Then I got talking to Stuart Palmer  whom I competed against back in The Old Days and like me he came from a rallying background and we’d moved into circuit racing in the same series at the same time.  Stuart had also children of a smilar age to mine and was now trialing an Austin 7 . But he pointed out that non-VSCC trials were plentiful and a wide range of cars could be used with inexpensive modifications. I found out one such event, The Kyrle Trial (above left) , was running within a few miles of home so I went to take a proper look and that dormant urge in my soul to compete not only woke up, it did a veritable clog-dance to ensure I was aware of it’s presence.

The next bit is all your fault Stuart.

With that gentle shove in the right direction I had a sudden plan and asked Charlotte if she would be OK about the car not actually being vintage?  It turned out to be a non-issue. Any car would be fine so long as she got to be my passenger.

Fast forward to January 20th. Me and my girl are outside The Squirrell pub near Ludlow sat in a Suzuki X90, fully kitted out and fresh from gaining a bronze medal on the Exeter Trial a few weeks before with it’s preious owners Rory and Ian Fitzgerald. We’ve signed on, got our numbers taped in the windows and Charlotte has the ‘route card’ on her lap . We’re waved forward by a friendly start marshall and at 09;28 sent on our way. Blimey…this is it !  The M.A.C. CLEE HILLS TRIAL. After 16 long years I’m competing again and with my 12 year old daughter now in charge of telling me which way to go, when to stop and , as it turned out, of getting out and opening  (and closing) a great many gates over the course of the next 7 1/2 hours.

We trundle along the A49 for ten miles , head off down a small side road and find ourselves at the back of a queue of competing cars all ready to tackle the first Observed Section at Harton Wood. Our 2 wheel drive X90 is one of the most popular choices for this kind of event, apparantly 20% of all the X90s still registered for the road in Britain appeared on one recent trial. There are 10 on this event , from total entry of 73 cars. This is the first time I have ever competed with ‘the sensible option’. All our previous cars tended to be  out-of-left-field in some repsect.  Not that any X90s are getting up that muddy track in Harton Wood. Car after car reverses back after failing to get away from a slippery stop-and-restart half way up (RIGHT) . We fail too but to my great relief Charlotte is grinning from ear to ear “I’m OK with that!” she declares “We did our best.”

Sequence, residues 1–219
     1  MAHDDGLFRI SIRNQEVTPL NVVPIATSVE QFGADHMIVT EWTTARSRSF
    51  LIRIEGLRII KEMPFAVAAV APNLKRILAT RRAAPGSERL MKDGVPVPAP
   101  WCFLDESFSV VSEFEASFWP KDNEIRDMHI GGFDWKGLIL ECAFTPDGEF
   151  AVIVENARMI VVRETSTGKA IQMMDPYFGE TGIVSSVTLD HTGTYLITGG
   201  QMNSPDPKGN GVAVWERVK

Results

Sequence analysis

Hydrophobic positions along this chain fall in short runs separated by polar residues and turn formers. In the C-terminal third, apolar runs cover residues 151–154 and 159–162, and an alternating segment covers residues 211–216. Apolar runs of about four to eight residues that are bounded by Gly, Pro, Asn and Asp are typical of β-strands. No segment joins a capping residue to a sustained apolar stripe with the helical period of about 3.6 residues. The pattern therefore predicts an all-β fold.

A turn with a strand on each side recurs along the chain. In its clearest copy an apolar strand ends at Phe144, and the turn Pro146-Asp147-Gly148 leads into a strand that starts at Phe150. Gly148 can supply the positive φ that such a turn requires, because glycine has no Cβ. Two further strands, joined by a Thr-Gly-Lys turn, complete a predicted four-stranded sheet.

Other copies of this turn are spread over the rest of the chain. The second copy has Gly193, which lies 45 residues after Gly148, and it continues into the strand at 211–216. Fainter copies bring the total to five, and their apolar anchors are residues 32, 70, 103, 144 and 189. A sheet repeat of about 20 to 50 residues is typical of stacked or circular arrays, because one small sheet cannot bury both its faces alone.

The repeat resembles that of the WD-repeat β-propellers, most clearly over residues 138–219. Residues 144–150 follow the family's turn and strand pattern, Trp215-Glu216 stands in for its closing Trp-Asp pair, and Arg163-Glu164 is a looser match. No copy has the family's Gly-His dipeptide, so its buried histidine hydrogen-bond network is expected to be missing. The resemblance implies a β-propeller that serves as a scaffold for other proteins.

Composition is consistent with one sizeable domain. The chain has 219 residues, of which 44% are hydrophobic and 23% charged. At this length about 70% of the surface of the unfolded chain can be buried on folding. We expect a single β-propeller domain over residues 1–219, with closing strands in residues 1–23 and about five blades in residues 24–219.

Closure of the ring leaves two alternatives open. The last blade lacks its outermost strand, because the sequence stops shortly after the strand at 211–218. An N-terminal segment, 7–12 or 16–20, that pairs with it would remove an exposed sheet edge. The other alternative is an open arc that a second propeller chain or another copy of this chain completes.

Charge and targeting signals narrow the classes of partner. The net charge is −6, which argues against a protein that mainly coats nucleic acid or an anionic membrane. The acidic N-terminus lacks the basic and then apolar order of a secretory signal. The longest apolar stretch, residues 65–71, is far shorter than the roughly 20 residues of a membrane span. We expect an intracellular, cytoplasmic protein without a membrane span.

We do our best on the next two ‘Sections’ too, and don’t get very far on either but by then I had been advised by a fellow X90 driver to “Let those tyres down – RIGHT down!” Conditions call for ridiculously low tyre pressures (6psi) and we have a faulty tyre guage so it’s either a matter of guess work or borrowing someone elses. It seems everyone is only too happy to help. Advice is freely offered and tools loaned. Later in the event our boot lock breaks, while shut. All the tools and tyre pump are trapped inside and yet we get offered help.  Stephen Kingstone (following behind us in his effective MG Midget) loans us a screwdriver, Nick Deacon and  Kevin Sharp, fellow X90 runners, offer to wait at the end of the following section and reinflate our tyres for the follwing road section using their  compressor. Luckily the boot lid flies open of it’s own accord over a bump on that section and so they help us dismantle the mechanism so the boot can  be lashed shut with a length of rope. This suffices for the rest of the event.